A month ago, I wrote here about about Nate Turner and statistical prediction. The post discussed forces big, slow, and predictable. It got me thinking about the opposite side of the spectrum: of forces short, swift, and unpredictable. So for the next couple of posts, I’m going to dig into this a bit, starting with politics.
In the next two weeks, election officials will finally decide Minnesota’s senate race between Norm Coleman (R) and Al Franken (D). Out of 2.8 million votes cast, Coleman and Franken are now separated by about fifty votes. I would like to remain optimistic about this but let’s face it: with such a narrow margin, it’s almost guaranteed that the loser will bring charges of fraud, lost ballots, etc.
After the fireworks are over, we will see a slow coming-to-terms by the losing campaign, a Kübler Ross-ian transition from bargaining to depression to acceptance. As this occurs, we will also see “what if” stories blossom like desert flowers. Pundits and reporters will talk about how small changes in events, message, or media would have produced a different outcome.
The last bloom of political “what if” stories followed the 2000 U.S. presidential election. With great wailing and gnashing of teeth, Democrats tried to make sense of an election in which Al Gore won the popular vote yet still lost the election to George Bush. Razor thin victories for Bush in a number of battleground states, most famously Florida where he won by 537 votes of 6 million cast, fueled speculation about the many ways the election could have turned out differently.
For many, the spoiler was Ralph Nader, leader of the Green Party, who drew votes away from Gore. For others, it was the dysfunctional Florida voting system. Still others blamed Katherine Harris, Florida State Attorney General, who confirmed the official vote count. Or the Supreme Court. Or Gore himself, who seemed so overstarched as a candidate that he even lost his own state of Tennessee.
In a sense, they are all correct. Any number of factors could have tilted the election in Gore’s favor. In the language of the Academy, we would say that the 2000 presidential election was highly contingent: the outcome wasn’t set in stone. It could have turned out differently.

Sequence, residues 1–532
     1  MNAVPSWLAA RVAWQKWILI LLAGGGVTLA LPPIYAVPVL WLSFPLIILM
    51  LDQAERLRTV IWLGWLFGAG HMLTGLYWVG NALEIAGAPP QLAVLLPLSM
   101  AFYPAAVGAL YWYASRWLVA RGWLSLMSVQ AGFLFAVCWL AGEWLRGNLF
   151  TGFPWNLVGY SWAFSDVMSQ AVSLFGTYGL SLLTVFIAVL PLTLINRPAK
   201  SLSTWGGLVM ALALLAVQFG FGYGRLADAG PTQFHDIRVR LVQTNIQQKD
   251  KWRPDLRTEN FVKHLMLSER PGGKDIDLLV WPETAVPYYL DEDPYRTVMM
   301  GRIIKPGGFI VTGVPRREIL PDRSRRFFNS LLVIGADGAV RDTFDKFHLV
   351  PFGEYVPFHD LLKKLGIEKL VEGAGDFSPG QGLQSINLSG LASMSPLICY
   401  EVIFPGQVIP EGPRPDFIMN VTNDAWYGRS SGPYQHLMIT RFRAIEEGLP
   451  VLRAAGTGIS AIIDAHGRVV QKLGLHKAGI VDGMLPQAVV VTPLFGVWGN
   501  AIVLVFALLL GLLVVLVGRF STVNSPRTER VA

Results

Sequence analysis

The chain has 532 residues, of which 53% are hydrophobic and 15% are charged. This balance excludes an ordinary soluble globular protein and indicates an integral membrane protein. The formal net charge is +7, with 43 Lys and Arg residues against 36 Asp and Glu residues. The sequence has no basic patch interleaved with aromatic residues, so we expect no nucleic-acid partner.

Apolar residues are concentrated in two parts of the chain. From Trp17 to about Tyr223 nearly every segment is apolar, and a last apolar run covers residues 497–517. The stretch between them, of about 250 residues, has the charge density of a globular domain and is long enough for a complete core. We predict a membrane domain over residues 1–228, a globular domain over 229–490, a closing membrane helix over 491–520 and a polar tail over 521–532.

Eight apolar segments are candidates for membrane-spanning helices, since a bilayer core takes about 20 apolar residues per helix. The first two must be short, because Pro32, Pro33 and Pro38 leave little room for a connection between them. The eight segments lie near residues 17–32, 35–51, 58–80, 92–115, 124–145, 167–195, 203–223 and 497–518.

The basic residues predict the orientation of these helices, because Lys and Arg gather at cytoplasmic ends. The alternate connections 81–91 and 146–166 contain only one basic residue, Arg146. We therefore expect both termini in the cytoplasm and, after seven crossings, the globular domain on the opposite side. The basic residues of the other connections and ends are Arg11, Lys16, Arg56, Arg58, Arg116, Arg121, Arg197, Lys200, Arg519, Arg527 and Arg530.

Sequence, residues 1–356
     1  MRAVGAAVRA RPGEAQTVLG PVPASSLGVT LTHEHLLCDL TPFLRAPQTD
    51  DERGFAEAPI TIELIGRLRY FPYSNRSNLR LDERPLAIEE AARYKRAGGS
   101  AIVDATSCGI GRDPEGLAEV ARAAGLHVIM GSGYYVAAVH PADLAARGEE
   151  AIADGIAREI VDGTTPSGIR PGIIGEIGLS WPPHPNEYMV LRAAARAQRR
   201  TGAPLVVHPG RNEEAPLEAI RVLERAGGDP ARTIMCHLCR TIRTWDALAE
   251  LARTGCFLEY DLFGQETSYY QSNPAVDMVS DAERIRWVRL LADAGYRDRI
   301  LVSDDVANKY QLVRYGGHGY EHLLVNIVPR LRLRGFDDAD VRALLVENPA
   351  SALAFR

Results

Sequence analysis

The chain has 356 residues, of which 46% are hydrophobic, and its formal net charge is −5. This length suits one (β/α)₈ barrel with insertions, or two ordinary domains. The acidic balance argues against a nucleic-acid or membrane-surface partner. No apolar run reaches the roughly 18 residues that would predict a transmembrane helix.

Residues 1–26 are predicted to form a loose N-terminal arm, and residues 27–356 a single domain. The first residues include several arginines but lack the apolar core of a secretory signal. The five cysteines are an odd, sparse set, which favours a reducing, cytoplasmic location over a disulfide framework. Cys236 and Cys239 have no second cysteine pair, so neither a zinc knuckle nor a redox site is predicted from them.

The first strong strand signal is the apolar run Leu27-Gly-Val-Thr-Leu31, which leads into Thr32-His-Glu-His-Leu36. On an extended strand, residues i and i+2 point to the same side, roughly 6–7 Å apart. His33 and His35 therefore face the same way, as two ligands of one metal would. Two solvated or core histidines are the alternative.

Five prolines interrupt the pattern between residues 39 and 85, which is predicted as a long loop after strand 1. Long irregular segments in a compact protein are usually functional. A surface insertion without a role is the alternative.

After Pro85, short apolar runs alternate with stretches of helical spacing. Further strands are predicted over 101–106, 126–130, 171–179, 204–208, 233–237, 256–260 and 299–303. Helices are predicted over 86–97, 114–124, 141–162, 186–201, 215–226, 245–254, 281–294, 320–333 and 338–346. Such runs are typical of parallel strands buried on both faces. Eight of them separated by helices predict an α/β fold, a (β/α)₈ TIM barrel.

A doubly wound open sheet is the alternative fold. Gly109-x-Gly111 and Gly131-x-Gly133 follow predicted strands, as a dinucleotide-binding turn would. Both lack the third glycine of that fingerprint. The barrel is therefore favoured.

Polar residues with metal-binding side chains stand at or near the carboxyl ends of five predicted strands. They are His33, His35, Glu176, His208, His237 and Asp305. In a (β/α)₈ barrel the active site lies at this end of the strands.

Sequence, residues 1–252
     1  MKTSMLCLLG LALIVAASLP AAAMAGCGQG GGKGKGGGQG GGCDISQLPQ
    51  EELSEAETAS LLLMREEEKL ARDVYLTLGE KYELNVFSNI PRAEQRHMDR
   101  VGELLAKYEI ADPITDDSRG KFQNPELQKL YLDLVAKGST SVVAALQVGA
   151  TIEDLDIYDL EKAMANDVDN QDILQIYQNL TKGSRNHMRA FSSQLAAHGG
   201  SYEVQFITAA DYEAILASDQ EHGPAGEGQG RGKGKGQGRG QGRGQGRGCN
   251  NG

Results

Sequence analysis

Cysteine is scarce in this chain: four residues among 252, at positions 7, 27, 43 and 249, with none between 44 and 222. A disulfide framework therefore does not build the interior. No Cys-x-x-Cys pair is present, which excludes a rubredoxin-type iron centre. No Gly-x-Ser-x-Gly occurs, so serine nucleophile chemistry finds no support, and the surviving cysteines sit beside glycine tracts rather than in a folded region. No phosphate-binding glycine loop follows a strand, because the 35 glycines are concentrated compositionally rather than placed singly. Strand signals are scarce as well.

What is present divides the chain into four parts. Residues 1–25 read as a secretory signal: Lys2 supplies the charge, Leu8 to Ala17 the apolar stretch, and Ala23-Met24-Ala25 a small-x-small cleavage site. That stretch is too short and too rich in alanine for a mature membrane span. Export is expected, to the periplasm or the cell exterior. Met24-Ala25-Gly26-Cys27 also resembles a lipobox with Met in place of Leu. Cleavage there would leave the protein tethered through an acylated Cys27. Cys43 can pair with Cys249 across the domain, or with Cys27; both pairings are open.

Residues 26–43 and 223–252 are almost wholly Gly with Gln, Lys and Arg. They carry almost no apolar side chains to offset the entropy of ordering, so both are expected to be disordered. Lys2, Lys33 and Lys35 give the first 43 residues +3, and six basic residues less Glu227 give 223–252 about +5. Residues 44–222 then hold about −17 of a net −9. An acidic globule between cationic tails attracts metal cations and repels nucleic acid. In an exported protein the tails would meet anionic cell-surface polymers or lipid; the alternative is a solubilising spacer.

As an idea, contingency has considerable heft across the disciplines of the Academy. On the science side, evolutionary biologists, have written extensively about the degree to which evolution depended upon contingencies of the environment, that the concept of fitness does not only apply to the fleetest fox or the brawniest buck, but sometimes to the dumb luck of being well adapted to an unforeseeable event. Steven Jay Gould writes about this in regards to the middle-Cambrian organisms discovered in the Burgess Shale Formation.
Better known to the rest of us are early mammals who managed to win the Darwinian lottery by being around when a comet the size of Manhattan plowed into the Earth 65 million years ago. Although the evolutionary implications of this event are still hotly debated, few doubt that something big happened to disrupt ecosystems all over the world, ultimately leading to the extinction of the dinosaurs.
The K-T extinction event, as its called, makes clear an important point: even if history of life on earth is based upon slow, incremental changes to species over time, its evolutionary course was unpredictable. Life, like the Cretaceous comet of death, could have taken a different path. Had it done so, perhaps we would all be frightened weasel-like creatures, stealing our food in the shadows of brontosaurs and pteranodons. (For more on weasels and evolution, visit John Lynch’s Stranger Fruit)
Contingencies do not have to be comet-sized, however, to have big effects. Such was the discovery of meteorologist Edward Lorenz who found that weather simulations produced wildly different outcomes based upon minute changes in initial conditions. From this, Lorenz coined the term “Butterfly Effect,” the idea that the flapping of a butterfly’s wings might change the atmosphere enough to create (or prevent) a tornado from occurring at some future time.
Lorenz’s ideas are now a part of a larger corpus of work on chaos theory which shows the stunning effects of contingency (or as mathematicians call it, a ‘sensitive dependence on initial conditions’) in phenomena as disparate as air turbulence, irregular heart beats, and the eye movements of schizophrenics.
All of this happens at some distance from where I sit in the humanities, surrounded by books on art, maps, and social history. Yet contingency plays a critical role here too, something I’ll take up in my next post.